A rare and large blue and white 'soldier' vase and cover Kangxi

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Lot 317W
A rare and large blue and white 'soldier' vase and cover

Sold for £ 240,000 (US$ 313,724) inc. premium
A rare and large blue and white 'soldier' vase and cover
The vase of tall baluster form rising to the high shoulder, waisted neck and everted rim, well painted in shades of lighter and darker blue with four panels divided by narrow borders enclosing white morning glory scrolls, the panels painted with two scenes of ladies and boys at play in a fenced garden by a pavilion with well detailed interior, alternating with two scenes of boys behind fences watching two jousting mounted warriors, all between the shoulders with a zigzag cross-hatched band and demi-flower heads, and a border below enclosing roundels reserved on a cracked-ice ground above pendent stiff leaves and a narrow band of zigzag cross-hatched design, the neck with upright and pendant lobed petals, the domed cover with a 'pearl' finial painted with lappets, encircled by four groups of precious objects and a zigzag cross-hatched band, the base with red-lacquered Moritzburg inventory no. II.A. 8a, wood stand.
106.6cm (42in) high (3).


  • Provenance: Augustus the Strong, Elector of Saxony and King of Poland (1670-1733), probably housed in the Japanese Palace, Dresden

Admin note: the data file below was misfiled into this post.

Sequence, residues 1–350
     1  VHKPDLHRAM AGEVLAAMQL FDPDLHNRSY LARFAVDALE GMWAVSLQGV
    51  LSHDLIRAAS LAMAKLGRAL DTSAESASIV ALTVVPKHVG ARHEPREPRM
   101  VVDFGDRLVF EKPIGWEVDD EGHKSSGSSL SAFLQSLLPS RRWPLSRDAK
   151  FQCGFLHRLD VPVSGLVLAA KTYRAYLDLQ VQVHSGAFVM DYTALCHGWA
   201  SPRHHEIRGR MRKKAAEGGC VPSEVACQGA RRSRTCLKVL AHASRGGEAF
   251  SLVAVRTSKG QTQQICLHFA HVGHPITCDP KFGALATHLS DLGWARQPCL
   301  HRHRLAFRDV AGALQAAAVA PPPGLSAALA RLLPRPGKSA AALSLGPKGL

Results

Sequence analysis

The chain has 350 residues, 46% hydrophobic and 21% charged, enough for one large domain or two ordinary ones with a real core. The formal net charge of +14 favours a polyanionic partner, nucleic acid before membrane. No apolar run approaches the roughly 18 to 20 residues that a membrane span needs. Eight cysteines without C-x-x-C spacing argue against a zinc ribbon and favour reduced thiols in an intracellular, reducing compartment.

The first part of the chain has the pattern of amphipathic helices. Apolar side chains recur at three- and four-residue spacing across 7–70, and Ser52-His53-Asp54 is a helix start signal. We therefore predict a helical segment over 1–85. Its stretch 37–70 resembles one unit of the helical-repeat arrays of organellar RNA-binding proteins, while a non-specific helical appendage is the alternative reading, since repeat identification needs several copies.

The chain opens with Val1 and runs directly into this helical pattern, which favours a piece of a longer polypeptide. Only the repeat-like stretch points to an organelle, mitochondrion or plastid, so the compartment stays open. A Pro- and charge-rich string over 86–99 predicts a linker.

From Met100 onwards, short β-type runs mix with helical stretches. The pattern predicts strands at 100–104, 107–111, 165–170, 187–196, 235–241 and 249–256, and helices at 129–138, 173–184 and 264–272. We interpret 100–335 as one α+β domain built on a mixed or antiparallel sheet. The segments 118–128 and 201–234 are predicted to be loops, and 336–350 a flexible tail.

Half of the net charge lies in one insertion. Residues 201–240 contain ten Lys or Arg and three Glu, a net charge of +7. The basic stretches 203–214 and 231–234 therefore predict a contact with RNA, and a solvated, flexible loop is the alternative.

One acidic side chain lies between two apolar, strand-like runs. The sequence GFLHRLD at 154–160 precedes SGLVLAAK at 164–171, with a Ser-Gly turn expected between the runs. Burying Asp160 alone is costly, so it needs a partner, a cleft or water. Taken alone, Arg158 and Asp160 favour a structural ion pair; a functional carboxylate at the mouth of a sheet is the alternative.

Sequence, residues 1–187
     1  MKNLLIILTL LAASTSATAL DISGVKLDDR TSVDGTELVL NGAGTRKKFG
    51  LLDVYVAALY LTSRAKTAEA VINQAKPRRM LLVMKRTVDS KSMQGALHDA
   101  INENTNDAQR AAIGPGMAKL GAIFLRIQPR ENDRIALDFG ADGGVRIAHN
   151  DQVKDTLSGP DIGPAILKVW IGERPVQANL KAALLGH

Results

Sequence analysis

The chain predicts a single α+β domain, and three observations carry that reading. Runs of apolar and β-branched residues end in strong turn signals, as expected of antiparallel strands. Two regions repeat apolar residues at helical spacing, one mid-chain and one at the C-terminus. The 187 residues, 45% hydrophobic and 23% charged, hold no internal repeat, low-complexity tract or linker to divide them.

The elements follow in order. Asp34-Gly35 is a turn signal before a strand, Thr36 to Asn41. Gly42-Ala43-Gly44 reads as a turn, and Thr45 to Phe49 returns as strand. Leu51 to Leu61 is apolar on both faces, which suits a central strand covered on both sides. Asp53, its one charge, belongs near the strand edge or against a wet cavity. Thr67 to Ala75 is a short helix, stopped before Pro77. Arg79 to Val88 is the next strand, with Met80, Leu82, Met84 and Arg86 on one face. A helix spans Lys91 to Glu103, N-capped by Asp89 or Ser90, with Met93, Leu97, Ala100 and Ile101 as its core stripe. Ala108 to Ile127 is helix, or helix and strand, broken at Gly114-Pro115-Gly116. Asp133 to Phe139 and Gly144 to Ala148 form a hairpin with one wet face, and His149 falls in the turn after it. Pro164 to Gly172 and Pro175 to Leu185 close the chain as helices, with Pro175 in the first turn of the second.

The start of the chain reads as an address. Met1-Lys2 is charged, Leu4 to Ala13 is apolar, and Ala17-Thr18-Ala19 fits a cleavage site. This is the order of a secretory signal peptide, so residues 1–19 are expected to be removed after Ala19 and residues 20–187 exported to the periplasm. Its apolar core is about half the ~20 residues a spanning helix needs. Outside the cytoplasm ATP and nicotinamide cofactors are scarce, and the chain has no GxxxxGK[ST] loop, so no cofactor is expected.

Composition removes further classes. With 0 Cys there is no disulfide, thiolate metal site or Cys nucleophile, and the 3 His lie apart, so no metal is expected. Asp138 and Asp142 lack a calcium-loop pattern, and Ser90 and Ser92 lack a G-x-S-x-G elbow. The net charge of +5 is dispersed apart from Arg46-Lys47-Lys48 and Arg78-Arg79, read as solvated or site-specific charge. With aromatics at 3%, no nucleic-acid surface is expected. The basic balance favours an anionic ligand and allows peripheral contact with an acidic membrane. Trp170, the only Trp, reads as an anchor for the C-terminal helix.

Thence by descent in the Royal Collections of Saxony
    Probably moved from the Japanese Palace to the Johanneum in 1876
    Property of the Free State of Saxony, 1918
    Restituted to the former Royal family of Saxony (Haus Wettin, Albertinische Linie e.v.) in 1924 as part of the agreement with the State of Saxony ("Gesetz über die Auseinandersetzung zwischen dem Freistate Sachsen und dem vormalign Königshause. Vom 21. Juli 1924"; 'Law of the Dispute between the Free State of Saxony and the former Royal house. Of 21 July 1924')
    Probably moved to Schloss Moritzburg, Saxony, circa 1925 (bearing the Schloss Moritzburg inventory red-lacquered no. II.A 8a)

    This 'Soldier' vase, also known as 'Dragoon vase', which stands over one metre high, owes its exceptionally unusual and centuries-old reputation to an idea of Augustus the Strong, Elector of Saxony and King of Poland (1670-1733). In the summer of 1715 he was pondering on how he could solve two problems at the same time: on the one hand, to reduce the size of his army following the Great Northern War and, as was customary, offering it to another prince for purchase, and on the other hand, instead of being paid with money, to accept Asian porcelain in payment. After all, instead of merely filling a porcelain cabinet with these costly works of art, he had plans to fill a whole palace with them in order to elevate his position in royal circles.